In and Over Scones

Where to find the best scones and toppings

By Corby Kummer

The Crumpet Shop, at the entrance of the Pike Place Market, in Seattle, makes the most authentic and best scone I know in the country—baked as a 3-inch-high round cake and served in wedges, with the light, moist, open-pored texture of a quick bread and a buttery color and flavor. You can buy a whole “cake” fresh and take it home, but the shop doesn’t do mail order, and it closes when it runs out of crumpets (big, yeasty English muffins) and scones, which is always about 90 seconds before you get there (1503 First Avenue, Seattle, WA 98101, 206-682-1598).

If you’re looking for a classic American-style scone—which is to say a buttery, somewhat flaky cross between a biscuit and a shortcake—look no farther than Concord Teacakes, a company the baker Judy Fersch built on her light hand for pastry. They arrive fresh, with or without currants or cinnamon chips (www.concordteacakes.com, 978-369-7644).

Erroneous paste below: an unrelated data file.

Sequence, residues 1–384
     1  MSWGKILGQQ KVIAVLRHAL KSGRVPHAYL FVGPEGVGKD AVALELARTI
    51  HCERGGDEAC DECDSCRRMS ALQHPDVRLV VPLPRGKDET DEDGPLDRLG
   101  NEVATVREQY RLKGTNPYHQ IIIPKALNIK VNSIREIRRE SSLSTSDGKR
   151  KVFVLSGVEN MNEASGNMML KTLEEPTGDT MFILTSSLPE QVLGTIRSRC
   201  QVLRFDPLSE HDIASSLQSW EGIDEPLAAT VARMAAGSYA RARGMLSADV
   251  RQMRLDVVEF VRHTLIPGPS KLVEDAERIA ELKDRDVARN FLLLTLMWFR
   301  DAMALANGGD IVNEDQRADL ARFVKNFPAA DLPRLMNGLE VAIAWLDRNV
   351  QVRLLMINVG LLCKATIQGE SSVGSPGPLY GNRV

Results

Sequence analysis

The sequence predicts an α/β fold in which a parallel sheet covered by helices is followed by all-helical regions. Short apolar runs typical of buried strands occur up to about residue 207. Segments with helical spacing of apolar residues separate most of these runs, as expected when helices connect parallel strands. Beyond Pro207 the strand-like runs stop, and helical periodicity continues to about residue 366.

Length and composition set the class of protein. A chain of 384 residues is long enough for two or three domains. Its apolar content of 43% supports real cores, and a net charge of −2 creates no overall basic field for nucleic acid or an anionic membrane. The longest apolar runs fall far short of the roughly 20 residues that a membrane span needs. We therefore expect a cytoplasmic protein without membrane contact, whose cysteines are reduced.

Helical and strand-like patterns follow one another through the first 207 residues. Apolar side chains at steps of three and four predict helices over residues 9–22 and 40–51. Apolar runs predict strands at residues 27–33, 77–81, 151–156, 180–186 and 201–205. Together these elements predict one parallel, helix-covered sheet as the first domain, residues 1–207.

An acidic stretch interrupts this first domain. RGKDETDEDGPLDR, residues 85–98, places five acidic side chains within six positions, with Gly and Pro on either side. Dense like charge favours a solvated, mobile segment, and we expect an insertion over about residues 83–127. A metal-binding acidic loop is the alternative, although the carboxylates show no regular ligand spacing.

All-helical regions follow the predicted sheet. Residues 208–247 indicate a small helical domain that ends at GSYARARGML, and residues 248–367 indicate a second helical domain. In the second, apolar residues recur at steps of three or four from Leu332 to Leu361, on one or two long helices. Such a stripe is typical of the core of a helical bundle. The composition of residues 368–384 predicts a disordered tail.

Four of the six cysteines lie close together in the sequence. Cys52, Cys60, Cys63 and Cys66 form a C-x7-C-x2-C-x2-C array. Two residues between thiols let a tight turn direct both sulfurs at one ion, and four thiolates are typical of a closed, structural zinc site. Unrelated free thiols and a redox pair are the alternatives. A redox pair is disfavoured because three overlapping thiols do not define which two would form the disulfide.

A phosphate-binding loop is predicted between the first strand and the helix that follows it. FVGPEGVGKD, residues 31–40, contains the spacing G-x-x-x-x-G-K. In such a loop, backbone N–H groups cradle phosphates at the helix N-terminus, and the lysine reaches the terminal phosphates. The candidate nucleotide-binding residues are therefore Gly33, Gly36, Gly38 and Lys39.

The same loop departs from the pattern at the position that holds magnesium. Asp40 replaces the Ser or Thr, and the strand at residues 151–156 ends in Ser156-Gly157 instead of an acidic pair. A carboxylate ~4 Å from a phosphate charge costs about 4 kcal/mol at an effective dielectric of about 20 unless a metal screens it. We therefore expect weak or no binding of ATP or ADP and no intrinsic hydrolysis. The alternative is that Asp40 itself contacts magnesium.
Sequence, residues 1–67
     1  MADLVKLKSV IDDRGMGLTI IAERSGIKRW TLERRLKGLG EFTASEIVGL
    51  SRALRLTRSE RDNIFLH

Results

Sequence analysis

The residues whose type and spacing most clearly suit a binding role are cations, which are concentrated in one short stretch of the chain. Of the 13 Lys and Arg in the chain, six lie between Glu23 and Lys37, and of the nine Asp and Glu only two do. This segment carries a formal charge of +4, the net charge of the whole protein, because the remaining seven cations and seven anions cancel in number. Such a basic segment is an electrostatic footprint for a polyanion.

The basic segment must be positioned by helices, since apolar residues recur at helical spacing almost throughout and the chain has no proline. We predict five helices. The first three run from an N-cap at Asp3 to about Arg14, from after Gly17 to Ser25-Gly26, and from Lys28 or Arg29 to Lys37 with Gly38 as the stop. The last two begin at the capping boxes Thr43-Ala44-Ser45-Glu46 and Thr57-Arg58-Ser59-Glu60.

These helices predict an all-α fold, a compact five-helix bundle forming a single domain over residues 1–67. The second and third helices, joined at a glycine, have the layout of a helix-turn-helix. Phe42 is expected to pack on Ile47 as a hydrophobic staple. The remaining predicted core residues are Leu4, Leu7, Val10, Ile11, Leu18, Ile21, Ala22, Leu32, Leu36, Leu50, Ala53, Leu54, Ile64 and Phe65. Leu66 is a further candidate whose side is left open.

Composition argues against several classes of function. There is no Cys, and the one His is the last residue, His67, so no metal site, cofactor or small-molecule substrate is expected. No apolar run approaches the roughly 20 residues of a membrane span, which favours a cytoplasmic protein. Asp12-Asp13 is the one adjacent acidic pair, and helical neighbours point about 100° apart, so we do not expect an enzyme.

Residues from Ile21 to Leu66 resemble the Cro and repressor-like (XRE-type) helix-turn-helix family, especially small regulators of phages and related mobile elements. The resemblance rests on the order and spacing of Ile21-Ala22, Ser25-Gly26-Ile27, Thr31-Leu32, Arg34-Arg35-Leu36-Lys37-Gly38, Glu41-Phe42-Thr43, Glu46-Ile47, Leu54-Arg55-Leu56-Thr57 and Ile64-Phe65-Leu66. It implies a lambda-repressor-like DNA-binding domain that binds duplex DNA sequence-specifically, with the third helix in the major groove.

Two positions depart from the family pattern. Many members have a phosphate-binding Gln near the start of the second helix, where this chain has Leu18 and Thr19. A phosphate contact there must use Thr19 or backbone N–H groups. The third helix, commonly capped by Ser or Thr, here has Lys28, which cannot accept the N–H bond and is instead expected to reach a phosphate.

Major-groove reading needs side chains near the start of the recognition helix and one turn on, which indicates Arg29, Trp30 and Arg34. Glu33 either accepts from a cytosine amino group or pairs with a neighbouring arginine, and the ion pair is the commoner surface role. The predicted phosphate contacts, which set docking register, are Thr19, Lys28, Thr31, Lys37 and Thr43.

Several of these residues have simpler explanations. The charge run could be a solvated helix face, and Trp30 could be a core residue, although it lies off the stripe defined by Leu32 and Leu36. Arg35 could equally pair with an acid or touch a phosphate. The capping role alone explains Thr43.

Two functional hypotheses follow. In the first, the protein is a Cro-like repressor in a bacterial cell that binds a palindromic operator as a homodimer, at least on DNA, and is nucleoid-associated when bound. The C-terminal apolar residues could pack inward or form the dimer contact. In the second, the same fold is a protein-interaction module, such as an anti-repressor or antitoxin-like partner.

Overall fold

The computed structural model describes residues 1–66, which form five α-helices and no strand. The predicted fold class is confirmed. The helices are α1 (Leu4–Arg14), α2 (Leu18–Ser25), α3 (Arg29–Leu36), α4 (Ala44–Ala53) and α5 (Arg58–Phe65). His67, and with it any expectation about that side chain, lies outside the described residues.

For my money, Katz and Company makes the best jams in the country. Its unquestioned stars are apricot and raspberry, which sell out practically before the crops come in. You’ll have better luck with the strawberry, with lots of fat strawberry chunks, for a couple of months at least (www.katzandco.com, 800-676-7176).

If you can’t find imported clotted cream, stick with the superior crème fraîche from Vermont Butter & Cheese Company—not quite as thick, and decidedly more tart, but as luscious as any English gentle­person could wish, especially muddled with fruit preserves. Allison Hooper, the company’s co-founder, also makes an excellent cultured butter—meaning butter with actual flavor—that would be great over hot scones. Now if she’d only sell buttermilk to go into them (www.vtbutterandcheeseco.com, 800-884-6287).

This article available online at:

http://www.theatlantic.com/magazine/archive/2007/09/in-and-over-scones/306122/